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XRF could bring a revolutionary breakthrough in numismatics

XRF could bring a revolutionary breakthrough in numismatics

04. June 2024.
xrf_1

Since Archaeology Day is just around the corner, it is interesting to ask what tools the Money Museum uses to help with its numismatic excavations. XRF analytics is the most useful tool for investigating coins, and we will tell you why.

XRF (X-Ray Fluorescence Spectroscopy) is an analytical technique that is widely used to determine the chemical composition of different substances. The principle is that a substance is irradiated with X-rays, which cause the atoms of the substance to emit characteristic X-ray photons. These photons have a specific energy, which in fact allows a quantitative and qualitative analysis of the composition of the substance. The use of the machine is subject to authorisation, which is laid down by the National Atomic Energy Agency and the relevant legislation.

It has the advantage of being fast, non-destructive and has a wide analytical spectrum, detecting elements from sodium to plutonium. The disadvantage is that it mainly analyses the surface of the sample, so the composition of deeper layers may be hidden, and the effect of the matrix of the material on the results can sometimes make interpretation of the data difficult, especially for complex samples.


The Money Museum already has one

An essential instrument for archaeometric research and restoration work, it has been widely used abroad for many years, but it can only be found in a few places in Hungary, such as the Money Museum, the University of Fine Arts’ Laboratory, the Institute of Materials and Environmental Chemistry of the Natural Science Research Centre, and the restoration laboratory of the Museum of Fine Arts.
It is a unique tool in the field of numismatic research in Hungary, as few museums have it and the number of professionals that can use it is also very small. The nearest similar installations are in England, Italy and America. The instrument allows us to study the material composition of coins, for example to map the internal makeup of coins and the use of coins in Pannonia, whether in Celtic or Roman times. This complementary research will allow domestic numismatic research to compete with leading Western research programmes and even to enter international collaborations.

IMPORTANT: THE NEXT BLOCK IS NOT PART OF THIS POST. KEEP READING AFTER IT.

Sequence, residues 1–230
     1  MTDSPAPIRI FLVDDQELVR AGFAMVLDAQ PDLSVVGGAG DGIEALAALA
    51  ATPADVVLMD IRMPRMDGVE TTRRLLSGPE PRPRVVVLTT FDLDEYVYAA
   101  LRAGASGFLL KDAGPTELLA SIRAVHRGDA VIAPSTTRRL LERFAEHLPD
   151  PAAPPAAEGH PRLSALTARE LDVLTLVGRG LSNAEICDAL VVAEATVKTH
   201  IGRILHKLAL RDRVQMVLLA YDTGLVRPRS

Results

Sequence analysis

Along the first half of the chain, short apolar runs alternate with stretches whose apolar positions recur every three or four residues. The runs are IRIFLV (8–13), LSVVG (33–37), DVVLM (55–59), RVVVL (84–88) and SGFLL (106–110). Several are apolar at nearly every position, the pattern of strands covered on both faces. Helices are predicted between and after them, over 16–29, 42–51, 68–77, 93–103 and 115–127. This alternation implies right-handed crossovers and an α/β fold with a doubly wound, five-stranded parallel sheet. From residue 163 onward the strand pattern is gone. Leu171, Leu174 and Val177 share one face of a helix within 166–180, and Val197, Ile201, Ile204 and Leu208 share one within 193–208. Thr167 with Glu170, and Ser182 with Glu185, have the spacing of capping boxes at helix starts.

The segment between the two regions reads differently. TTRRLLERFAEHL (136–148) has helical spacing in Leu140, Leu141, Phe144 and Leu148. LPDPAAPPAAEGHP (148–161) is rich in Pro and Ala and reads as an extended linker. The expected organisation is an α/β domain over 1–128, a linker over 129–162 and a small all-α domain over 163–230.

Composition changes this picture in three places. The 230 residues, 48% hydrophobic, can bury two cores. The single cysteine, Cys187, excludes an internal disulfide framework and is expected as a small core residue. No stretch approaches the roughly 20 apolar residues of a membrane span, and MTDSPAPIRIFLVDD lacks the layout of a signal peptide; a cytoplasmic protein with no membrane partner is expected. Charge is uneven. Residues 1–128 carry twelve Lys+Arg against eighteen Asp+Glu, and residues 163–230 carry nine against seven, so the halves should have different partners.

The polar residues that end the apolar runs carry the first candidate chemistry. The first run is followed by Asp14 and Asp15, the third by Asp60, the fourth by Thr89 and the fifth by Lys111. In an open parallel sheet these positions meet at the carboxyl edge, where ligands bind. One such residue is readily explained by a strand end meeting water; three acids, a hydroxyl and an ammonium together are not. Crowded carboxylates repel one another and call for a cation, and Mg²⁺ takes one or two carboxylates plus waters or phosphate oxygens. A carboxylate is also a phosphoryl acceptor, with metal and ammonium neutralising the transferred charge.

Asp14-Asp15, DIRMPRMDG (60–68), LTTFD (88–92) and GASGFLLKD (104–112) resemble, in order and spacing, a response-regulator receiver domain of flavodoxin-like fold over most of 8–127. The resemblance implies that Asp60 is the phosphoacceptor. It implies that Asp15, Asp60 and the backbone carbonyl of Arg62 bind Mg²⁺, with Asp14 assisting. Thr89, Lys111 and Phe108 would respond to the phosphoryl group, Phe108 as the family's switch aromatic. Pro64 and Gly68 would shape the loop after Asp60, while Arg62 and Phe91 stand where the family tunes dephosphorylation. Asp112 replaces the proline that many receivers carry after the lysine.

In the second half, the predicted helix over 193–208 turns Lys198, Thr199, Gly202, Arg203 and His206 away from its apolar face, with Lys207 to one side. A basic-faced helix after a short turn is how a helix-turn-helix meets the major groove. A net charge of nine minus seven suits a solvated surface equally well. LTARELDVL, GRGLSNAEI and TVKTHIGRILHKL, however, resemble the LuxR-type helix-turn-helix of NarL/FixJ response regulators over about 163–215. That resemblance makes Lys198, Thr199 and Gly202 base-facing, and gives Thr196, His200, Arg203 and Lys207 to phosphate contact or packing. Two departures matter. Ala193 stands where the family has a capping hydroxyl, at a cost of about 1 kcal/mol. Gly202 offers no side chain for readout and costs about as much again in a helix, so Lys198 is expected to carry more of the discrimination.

Collaboration of museums - joint projects

After the establishment of the Hungarian Money Museum and Visitor Center, an agreement was signed with the Hungarian National Museum, which indicated its intention to participate in joint projects based on XRF research. Thanks to recent discussions, several national museums have also signed similar declarations of interest, including the Laczkó Dezső Museum, the Dornyay Béla Museum and the Ferenczy Museum Centre. These collaborations will allow the Money Museum to be actively involved in archaeological and numismatic scientific work. Among the research projects planned in collaboration with partner museums, the analysis of Roman and Byzantine lead ingots, white metal coins and the Sikanch coin treasure (1438 pieces) are interesting. The use of the XRF instrument also offers a wealth of potential, providing specialists with information that they would not be able to obtain using other methods. It is therefore of the utmost importance that the use of XRF technology is increasingly widespread in museums.

 

Further news

Summer vacation started, but not for the Money Museum

Summer vacation started, but not for the Money Museum

03. July 2024.
The opening hours of the Money Museum's Panoramic Terrace will be changed from the 1st of July!

The Money Museum's Panoramic Terrace welcomes guests every day from 2:00 PM to 11:00 PM!

30. June 2024.
The Money Museum’s Panoramic Terrace will be closed on the 25th of June from 12 p.m. to 7 p.m.

On Wednesday, the 26th of June, we will await our dear visitors with our usual opening hours.

24. June 2024.
Another exhibition pays tribute to the Central Bank of Hungary

An exhibition entitled “From the Kossuth Banknote to the Forint” will open at the Kállay Collection in Nyíregyháza.

24. June 2024.